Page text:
Publication of the week: Dr Philip Fine

21 July 2014

Fine, P.A. & Ginsborg, J., “Making myself understood: perceived factors affecting the intelligibility of sung text”, Frontiers in Psychology 5 (2014). doi: 10.3389/fpsyg.2014.00809.

Singing is universal, and understanding sung words is thought to be important for many listeners’ enjoyment of vocal and choral music. However, this is not a trivial task, and sung text intelligibility is probably affected by many factors. A survey of musicians was undertaken to identify the factors believed to have most impact on intelligibility, and to assess the importance of understanding sung words in familiar and unfamiliar languages. A total of 143 professional and amateur musicians, including singers, singing teachers and regular listeners to vocal music, provided 394 statements yielding 851 references to one or more of 43 discrete factors in four categories: performer-related, listener-related, environment-related and words/music-related. The factors mentioned most frequently in each of the four categories were, respectively: diction; acoustic; hearing ability; and genre. In more than a third of references, the extent to which sung text is intelligible was attributed to the performer. Over 60% of respondents rated the ability to understand words in familiar languages as “very important”, but only 17% when the text was in an unfamiliar language. Professional musicians (47% of the sample) rated the importance of understanding in both familiar and unfamiliar languages significantly higher than amateurs but listed fewer factors overall and fewer listener-related factors. The more important the respondents rated understanding, the more performer-related and environment-related factors they tended to list. There were no significant differences between the responses of those who teach singing and those who do not. Enhancing sung text intelligibility is thus perceived to be within the singer’s control, at least to some extent, but there are also many factors outside their control. Empirical research is needed to explore some of these factors in greater depth, and has the potential to inform pedagogy for singers, composers and choral directors.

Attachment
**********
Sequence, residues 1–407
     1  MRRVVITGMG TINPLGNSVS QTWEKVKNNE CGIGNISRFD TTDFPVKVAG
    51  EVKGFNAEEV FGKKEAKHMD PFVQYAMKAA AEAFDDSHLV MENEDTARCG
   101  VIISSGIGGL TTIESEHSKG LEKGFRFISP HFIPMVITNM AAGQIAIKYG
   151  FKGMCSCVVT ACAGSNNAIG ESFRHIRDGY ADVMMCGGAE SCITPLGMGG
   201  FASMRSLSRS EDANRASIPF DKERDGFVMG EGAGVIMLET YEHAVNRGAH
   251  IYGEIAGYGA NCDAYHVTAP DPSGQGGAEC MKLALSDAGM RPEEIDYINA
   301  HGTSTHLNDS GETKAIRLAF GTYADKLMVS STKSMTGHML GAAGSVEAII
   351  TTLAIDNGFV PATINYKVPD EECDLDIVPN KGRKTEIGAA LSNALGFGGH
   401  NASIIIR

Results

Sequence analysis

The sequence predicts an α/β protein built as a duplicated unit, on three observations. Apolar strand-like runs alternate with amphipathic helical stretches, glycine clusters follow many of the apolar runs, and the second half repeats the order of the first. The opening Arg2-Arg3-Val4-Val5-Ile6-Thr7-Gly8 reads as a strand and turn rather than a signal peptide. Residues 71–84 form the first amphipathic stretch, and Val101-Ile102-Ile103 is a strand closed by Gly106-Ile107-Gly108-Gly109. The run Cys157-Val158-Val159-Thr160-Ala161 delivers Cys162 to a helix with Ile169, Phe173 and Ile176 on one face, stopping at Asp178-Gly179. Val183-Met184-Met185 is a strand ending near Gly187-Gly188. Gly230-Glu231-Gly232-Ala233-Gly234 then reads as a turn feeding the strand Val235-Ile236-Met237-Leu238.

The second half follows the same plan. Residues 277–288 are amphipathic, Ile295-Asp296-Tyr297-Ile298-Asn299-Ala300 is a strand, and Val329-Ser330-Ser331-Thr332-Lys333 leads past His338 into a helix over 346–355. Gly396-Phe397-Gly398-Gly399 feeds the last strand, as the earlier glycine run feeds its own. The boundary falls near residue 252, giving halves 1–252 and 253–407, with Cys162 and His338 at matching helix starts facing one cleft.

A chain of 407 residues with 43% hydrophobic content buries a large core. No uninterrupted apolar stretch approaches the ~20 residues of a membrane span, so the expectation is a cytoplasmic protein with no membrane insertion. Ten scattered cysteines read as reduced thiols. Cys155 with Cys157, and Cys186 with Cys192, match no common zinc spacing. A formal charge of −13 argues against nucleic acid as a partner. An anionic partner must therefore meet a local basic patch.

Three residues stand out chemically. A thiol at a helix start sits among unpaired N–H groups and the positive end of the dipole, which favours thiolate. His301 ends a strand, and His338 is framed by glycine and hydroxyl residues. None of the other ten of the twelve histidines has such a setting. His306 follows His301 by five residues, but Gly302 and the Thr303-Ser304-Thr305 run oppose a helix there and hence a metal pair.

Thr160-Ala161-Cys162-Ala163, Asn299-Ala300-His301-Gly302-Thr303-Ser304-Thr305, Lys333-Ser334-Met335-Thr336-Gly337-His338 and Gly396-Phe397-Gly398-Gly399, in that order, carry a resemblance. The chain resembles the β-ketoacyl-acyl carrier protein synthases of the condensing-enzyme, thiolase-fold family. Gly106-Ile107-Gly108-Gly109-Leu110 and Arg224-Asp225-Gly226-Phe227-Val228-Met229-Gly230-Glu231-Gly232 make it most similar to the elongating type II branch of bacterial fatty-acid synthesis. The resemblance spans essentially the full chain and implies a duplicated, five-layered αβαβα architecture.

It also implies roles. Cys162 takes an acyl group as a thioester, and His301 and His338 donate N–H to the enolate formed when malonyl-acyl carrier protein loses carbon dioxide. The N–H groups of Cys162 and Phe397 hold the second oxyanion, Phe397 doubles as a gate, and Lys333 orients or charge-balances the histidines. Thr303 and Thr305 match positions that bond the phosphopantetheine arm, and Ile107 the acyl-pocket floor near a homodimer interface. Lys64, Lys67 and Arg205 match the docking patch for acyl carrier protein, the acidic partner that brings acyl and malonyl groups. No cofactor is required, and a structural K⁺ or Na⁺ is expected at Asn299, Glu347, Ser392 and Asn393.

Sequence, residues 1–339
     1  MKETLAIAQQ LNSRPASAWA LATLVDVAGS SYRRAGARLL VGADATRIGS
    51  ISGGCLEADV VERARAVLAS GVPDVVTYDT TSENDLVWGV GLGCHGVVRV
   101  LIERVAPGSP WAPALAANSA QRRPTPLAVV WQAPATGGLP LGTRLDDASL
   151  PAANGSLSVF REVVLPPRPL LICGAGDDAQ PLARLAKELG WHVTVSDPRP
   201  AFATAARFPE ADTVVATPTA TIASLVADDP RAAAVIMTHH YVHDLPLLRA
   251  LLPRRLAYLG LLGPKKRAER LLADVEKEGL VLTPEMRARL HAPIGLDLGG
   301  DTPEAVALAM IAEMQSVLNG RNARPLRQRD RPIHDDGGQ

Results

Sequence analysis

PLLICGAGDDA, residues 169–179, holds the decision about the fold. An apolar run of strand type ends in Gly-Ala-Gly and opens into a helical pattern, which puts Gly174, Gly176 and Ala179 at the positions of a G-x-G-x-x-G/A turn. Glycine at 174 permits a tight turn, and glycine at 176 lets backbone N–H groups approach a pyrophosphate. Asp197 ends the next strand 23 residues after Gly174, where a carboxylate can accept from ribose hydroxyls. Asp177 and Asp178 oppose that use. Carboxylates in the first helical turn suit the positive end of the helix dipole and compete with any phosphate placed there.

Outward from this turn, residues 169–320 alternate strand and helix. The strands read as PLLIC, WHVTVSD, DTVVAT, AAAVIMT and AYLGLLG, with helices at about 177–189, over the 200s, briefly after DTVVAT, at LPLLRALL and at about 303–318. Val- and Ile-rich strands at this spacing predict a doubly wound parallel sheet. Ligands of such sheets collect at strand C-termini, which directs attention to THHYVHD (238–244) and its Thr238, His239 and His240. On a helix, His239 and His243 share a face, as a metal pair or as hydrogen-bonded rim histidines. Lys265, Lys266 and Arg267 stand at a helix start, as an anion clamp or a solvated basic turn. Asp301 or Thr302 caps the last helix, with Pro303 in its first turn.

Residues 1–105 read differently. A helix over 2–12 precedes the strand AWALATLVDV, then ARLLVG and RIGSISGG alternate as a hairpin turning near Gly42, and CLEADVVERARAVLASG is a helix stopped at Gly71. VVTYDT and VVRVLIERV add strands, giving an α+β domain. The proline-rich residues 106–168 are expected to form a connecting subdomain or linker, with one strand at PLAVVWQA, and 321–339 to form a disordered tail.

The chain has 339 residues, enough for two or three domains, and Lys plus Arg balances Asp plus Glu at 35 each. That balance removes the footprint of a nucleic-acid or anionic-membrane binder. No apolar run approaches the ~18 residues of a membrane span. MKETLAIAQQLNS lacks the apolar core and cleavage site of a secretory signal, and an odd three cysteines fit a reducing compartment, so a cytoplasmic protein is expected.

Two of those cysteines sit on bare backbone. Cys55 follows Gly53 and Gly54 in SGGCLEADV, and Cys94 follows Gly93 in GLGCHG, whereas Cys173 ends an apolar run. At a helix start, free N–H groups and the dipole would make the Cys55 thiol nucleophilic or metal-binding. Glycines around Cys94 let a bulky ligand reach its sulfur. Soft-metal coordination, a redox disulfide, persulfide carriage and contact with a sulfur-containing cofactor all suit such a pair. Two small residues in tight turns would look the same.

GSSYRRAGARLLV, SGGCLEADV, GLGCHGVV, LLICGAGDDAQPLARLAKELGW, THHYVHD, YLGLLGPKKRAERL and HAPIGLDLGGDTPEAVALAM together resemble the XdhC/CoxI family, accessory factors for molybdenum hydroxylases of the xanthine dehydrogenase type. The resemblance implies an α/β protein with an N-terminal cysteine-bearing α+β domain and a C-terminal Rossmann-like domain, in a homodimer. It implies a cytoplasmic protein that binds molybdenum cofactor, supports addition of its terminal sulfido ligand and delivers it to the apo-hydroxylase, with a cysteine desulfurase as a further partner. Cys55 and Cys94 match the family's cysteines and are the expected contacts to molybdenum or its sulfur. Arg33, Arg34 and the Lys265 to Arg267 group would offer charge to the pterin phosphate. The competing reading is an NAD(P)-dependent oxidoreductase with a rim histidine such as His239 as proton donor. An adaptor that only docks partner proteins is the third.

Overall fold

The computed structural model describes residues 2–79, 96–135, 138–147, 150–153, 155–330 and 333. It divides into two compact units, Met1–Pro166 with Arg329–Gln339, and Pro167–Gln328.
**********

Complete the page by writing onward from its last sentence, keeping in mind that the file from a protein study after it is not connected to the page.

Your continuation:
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Philip-Fine-Jane-GinsborgDr Fine and Professor Ginsborg are both professional singers (semi-professional in Dr Fine’s case) and therefore have a personal interest in whether their audiences can understand what they are singing. After a chance conversation at a music psychology conference in Bologna in 2006, they set up a questionnaire survey asking musicians for their opinions of factors affecting the intelligibility of sung text, and this article reports the findings of that survey. Since then, Dr Fine & Professor Ginsborg have also carried out two empirical studies, together with Dr Christopher Barlow of Southampton Solent University, investigating some of the factors identified in the survey. One finding of those studies was that singers are better at understanding sung text than non-singers. This illustrates the importance of expertise, and relates to the focus of a new research hub being set up in Buckingham, called CREATE (Centre for Research in Expertise: Acquisition, Training, and Excellence).